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01.04.13

Smart service delivery in a cold economic climate

Source: Public Sector Executive March/April 2013

Gill Terry of Birmingham City Council describes how other organisations could learn from the council’s experience, to realise substantial savings and achieve a step change in service improvement by adopting a consistent, holistic approach for managing change.

Public sector organisations are under immense pressure to reduce costs, improve service delivery and transform the way they operate. Such challenges cannot be achieved from spending cuts and staff reductions alone, but through efficiency and productivity gains achieved from introducing innovative ways of working.

Most organisations now have the tools and processes in place to enable continuous improvement. However, transformational change is different, involving a holistic and radical approach to the redesign of services. This achieves innovation and efficiencies, as well as continuing to deliver quality services to customers.

In the case of Birmingham, the city council is now beyond the mid-way point of one of the most ambitious public sector business efficiency transformation programmes in Europe, designed to streamline operations and realise benefits amounting to £1.7bn for an investment of £683m.

Key challenges

Back in 2006, Birmingham City Council faced a radical change to improve a number of underperforming services. Additionally, whilst the council was prepared to invest in improving those services, overall the change programme needed to realise substantial savings and ensure that improvements and efficiencies flowed from that investment.

It became apparent that there was no ‘off the peg’ solution that provided an effective and comprehensive roadmap for implementing a business transformation programme of such scale and complexity. To address this challenge, the council and its partners developed the CHAMPS2 business change methodology; a comprehensive approach for transforming services by focusing holistically on people, process, organisation and technology, as well as achieving lasting financial and non-financial benefits.

The transformation programme’s objectives

From the beginning, the council’s programme has focused on planning and delivering radical, large-scale change, utilising ICT as a key strategic enabler of transformation. The programme has three over-arching transformation objectives: improved service delivery to customers; greater efficiencies; and improved job satisfaction for the organisation’s employees.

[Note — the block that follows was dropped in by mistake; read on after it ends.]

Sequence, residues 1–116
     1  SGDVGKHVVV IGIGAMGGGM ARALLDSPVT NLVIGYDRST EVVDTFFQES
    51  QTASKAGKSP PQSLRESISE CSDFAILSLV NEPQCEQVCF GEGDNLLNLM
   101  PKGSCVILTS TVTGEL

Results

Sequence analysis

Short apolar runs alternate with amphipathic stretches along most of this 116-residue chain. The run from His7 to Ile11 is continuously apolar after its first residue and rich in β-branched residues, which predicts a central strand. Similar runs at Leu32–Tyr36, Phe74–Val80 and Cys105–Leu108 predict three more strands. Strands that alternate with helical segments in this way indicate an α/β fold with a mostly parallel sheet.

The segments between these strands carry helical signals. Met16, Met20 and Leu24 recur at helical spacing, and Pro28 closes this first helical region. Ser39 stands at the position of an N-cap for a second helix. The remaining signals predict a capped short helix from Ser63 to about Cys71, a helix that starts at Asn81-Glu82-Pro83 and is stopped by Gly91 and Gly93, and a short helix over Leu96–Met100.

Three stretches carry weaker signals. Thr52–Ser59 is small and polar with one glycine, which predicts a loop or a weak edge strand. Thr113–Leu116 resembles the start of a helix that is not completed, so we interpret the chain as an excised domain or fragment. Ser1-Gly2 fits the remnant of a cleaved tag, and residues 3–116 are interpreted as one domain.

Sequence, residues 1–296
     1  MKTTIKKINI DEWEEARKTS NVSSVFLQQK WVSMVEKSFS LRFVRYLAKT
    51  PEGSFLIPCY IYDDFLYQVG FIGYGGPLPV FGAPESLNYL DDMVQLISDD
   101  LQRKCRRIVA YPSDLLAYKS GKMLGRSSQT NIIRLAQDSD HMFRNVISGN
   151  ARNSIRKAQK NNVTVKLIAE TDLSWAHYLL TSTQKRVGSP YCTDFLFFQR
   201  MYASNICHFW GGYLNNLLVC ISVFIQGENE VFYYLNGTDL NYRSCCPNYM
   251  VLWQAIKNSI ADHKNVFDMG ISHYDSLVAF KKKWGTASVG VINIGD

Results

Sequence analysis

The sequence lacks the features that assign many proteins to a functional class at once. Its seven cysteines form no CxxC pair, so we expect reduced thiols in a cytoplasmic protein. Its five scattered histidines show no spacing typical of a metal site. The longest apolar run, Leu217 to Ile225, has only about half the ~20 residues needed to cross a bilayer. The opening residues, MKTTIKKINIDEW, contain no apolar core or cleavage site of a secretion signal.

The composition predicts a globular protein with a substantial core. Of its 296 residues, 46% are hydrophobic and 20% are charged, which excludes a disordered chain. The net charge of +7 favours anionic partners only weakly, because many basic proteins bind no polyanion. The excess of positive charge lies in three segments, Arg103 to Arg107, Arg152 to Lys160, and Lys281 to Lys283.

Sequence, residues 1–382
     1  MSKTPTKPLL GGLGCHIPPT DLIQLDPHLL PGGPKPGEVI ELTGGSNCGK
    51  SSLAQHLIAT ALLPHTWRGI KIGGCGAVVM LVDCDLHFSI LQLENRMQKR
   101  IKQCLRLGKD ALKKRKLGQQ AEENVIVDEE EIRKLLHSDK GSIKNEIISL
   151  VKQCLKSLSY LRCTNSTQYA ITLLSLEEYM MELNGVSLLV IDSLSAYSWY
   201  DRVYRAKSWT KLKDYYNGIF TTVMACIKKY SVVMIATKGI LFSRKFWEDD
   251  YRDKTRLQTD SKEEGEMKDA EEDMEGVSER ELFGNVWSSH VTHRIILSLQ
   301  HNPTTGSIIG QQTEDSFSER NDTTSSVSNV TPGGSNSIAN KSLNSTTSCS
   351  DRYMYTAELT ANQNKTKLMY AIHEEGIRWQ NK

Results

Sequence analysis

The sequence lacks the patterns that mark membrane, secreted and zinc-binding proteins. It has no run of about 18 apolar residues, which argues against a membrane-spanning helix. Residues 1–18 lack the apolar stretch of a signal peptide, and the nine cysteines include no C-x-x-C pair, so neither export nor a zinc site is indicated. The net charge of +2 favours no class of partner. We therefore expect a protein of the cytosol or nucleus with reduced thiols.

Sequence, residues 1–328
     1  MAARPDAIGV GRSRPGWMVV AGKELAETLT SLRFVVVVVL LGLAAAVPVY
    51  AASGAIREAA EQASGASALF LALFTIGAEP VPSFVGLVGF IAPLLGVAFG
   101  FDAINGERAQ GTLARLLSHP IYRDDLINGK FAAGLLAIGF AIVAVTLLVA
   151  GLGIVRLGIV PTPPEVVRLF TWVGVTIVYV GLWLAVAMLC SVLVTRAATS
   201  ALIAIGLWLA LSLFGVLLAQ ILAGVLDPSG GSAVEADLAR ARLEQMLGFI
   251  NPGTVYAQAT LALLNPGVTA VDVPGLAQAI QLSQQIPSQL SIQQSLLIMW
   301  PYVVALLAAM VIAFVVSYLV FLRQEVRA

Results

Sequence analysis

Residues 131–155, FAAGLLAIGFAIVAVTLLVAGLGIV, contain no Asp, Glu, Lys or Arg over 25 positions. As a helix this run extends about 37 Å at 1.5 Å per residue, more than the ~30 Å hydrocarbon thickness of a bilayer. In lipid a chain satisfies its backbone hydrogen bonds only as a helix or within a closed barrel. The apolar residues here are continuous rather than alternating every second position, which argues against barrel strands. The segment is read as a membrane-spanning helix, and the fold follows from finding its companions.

These objectives have been defined and achieved using the CHAMPS2 method, which has provided a consistent, benefits-driven and holistic approach to managing change – delivering a full end-to-end solution underpinned by strong, effective leadership and robust governance.

Birmingham’s approach

Birmingham’s approach to transformation was formed on the basis that the council needed to transform itself by fundamentally redesigning services. In terms of structure, the programme comprises nine workstreams. Some have focused on improving frontline services to customers, whilst others were designed to improve corporate back-office functions to drive overall service improvements. This work has, crucially, involved detailed and extensive engagement with customers to put them at the heart of the programme and shape services in an evidence-based way.

The entire programme has been designed and managed using the CHAMPS2 methodology, ensuring a consistent focus on achieving expected benefits. The primary difference between using CHAMPS2 and alternative business process improvement approaches is that its focus is holistic, end-to-end service redesign across organisational structure, business processes and technology.

Key outcomes and achievements

Both in its scope and scale, the council’s business transformation programme is the largest of its kind in the UK, dwarfing any comparable transformation programme across the local government landscape. The programme is expected to yield £1.7bn of gross savings between 2006 and 2016 and is now at a mature stage, with transformed services now becoming fully integrated into the council’s operations as ‘business-as-usual’.

The decision to embark on the programme seven years ago was highly prescient, given the financial constraints that local authorities and other organisations must now address for the foreseeable future.

In this respect, Birmingham’s transformation certainly represents ‘smart service delivery in a cold economic climate’ and consequently the council is better-placed to deal with existing and future financial constraints.

Organisations across all sectors can learn from Birmingham’s experience, with its proven, replicable change model that can be applied to organisations of any size, irrespective of the complexity and scale of change required.

The council’s business change methodology is in the public domain as a free online toolkit, accessible via www.champs2.info, enabling others to gain advantage from applying a comprehensive, holistic approach to managing change.

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